The Procedure of the UN Security Council, 4th Edition is available at Oxford University Press in the UK and USA. 

The Procedure of the UN Security Council, 4th Edition

ISBN: 978-0-19-968529-5

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Updated on 9 May 2015

Chapter 8:   SUBSIDIARY BODIES

Section 7:   Appointment of bureaux of subsidiary bodies

 

Acting chairmanship arrangements for Security Council subsidiary bodies

 

Page 558 of the book described the Security Council’s arrangements for chairing subsidiary bodies in the absence of the appointed Chair:

 

"For many years, the Security Council followed the practice, widely used throughout the UN

system, that Chairs served in their individual capacities, whereas vice-chairmanships were

held by the entire delegation of the designated Council member. That distinction continues

to be observed in the yearly presidential note announcing the bureaux.  In earlier practice,

that meant that when the permanent representative serving as the Chair of a committee or

working group was not available to sign a letter or otherwise represent that subsidiary organ,

no other member of his or her delegation could act in that capacity, but only a member from

the delegation of one of the Vice-Chairs.  Concerned that this practice left important gaps in the continuity of the leadership of subsidiary organs, during consultations of the whole in July 2009

the United Kingdom proposed, and the Security Council accepted, that thereafter the chargé d’affaires of a Chair’s delegation would be authorized to chair the subsidiary organ in the

Chair’s absence."

 

The new arrangements were put into practice almost immediately when, the month after their adoption, in the absence of the Permanent Representative of Austria, another Austrian delegate signed a letter as Acting Chair of the Committee established pursuant to resolution 1267 (1999) concerning Al-Qaida and the Taliban and associated individuals and entities (S/2009/427).  The same Austrian delegate signed a letter under similar circumstances in December 2009 (S/2009/676).  In May 2012, a delegate of Portugal signed a letter in the absence of his Permanent Representative, the Chair of the Security Council Committee established pursuant to resolution 1718 (2006) (S/2012/287).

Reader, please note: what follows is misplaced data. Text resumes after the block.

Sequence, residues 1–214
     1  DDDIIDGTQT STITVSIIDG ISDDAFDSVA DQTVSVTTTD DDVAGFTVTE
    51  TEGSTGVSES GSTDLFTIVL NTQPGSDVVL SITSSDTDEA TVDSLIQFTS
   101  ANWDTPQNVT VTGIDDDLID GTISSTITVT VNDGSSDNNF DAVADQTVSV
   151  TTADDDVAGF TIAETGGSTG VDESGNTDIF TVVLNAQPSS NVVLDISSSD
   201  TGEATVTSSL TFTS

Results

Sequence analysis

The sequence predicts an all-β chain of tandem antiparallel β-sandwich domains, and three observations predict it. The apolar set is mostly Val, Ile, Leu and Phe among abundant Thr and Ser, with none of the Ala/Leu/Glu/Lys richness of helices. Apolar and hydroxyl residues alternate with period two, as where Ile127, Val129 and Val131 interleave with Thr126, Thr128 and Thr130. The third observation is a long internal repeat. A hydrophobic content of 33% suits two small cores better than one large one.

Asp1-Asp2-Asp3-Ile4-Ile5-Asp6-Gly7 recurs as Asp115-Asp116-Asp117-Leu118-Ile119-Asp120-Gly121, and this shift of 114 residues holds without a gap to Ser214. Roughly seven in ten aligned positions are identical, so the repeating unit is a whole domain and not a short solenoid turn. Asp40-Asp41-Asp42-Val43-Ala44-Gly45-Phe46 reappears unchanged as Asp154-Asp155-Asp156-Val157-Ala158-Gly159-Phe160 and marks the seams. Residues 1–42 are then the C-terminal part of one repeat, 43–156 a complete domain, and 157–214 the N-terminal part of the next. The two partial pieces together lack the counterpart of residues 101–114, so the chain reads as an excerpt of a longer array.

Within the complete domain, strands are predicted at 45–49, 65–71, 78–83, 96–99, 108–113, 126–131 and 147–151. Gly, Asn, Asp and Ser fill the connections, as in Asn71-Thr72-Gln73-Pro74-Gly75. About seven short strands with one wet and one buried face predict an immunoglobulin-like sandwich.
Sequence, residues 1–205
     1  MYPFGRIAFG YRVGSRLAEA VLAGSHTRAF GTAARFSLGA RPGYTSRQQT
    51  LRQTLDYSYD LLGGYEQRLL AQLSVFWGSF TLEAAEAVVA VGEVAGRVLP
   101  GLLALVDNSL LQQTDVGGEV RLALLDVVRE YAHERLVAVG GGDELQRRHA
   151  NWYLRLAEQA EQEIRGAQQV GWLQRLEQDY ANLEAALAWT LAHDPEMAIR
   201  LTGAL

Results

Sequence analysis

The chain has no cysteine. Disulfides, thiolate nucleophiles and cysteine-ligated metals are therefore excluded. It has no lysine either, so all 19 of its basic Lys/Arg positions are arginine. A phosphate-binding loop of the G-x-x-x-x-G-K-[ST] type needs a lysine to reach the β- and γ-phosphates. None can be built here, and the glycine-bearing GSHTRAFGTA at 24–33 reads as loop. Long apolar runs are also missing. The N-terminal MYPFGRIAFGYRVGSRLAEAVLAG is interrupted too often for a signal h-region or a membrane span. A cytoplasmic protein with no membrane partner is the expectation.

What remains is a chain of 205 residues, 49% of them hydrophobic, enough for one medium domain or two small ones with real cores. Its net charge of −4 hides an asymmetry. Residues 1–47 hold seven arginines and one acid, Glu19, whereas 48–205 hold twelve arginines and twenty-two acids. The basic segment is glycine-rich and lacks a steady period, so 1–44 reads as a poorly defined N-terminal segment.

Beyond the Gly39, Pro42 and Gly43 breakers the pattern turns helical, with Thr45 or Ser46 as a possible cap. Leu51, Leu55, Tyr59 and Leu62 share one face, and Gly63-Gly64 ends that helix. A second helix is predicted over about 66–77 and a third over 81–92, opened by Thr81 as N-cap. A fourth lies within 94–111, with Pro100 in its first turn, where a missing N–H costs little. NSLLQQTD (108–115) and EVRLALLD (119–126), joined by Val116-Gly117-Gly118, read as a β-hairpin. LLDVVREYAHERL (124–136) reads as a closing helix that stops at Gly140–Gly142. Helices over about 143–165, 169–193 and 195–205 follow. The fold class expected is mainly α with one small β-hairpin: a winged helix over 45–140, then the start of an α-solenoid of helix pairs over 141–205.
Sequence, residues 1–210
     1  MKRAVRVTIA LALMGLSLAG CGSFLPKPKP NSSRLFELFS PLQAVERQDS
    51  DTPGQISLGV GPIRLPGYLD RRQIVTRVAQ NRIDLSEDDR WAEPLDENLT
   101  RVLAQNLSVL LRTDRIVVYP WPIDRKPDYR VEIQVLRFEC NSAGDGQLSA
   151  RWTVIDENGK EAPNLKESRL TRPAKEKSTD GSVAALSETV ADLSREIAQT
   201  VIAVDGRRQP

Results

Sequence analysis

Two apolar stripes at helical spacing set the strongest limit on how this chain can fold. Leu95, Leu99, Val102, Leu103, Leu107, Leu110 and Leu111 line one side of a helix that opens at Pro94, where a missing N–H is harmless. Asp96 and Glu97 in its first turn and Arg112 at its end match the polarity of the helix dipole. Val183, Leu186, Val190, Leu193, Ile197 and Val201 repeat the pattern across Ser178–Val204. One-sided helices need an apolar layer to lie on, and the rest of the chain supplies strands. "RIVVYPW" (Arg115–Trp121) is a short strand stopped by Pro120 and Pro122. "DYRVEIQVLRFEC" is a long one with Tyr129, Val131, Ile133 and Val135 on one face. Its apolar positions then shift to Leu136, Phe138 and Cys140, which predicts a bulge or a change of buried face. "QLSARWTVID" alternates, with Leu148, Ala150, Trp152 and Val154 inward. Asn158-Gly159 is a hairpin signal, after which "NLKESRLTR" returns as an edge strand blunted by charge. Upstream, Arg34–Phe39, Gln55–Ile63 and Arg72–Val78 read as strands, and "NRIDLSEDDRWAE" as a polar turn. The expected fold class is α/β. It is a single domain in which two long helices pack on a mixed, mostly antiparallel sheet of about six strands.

In addition, on 22 December 2011, the Council heard a report by a delegate of Portugal, acting on behalf of his Permanent Representative, the Chair of the Committee established pursuant to resolution 1970 (2011) concerning Libya (S/PV.6698).  In closed consultations held on 23 August 2011 and 21 August 2012, the same Portuguese delegate presented oral reports on behalf of the absent Chair of the Committee established pursuant to resolution 1718 (2006). 

 

Although the number of instances when it was necessary to sign a letter in the Chair’s absence have actually been rare, the arrangements agreed in 2009 were followed by the Council until 2014.  On 14 April of that year, the representative of Rwanda, one of two Vice-Chairs of the Security Council Committee established pursuant to resolution 1572 (2004) concerning Côte d’Ivoire, signed a letter in the absence of the Chair, the representative of Chile (S/2014/266).  Then on 16 January 2015, the representative of Nigeria, one of two Vice-Chairs, signed a letter on behalf of the Security Council Committee established pursuant to resolution 1591 (2005) concerning the Sudan (S/2015/31), while the  incoming Chair of that Committee, the representative of Venezuela, was in the process of submitting his credentials.

 

It remains to be seen whether the 2014 and 2015 letters mark a return to the practice followed prior to the arrangements agreed in 2009, or whether those two letters were exceptions made in response to special circumstances.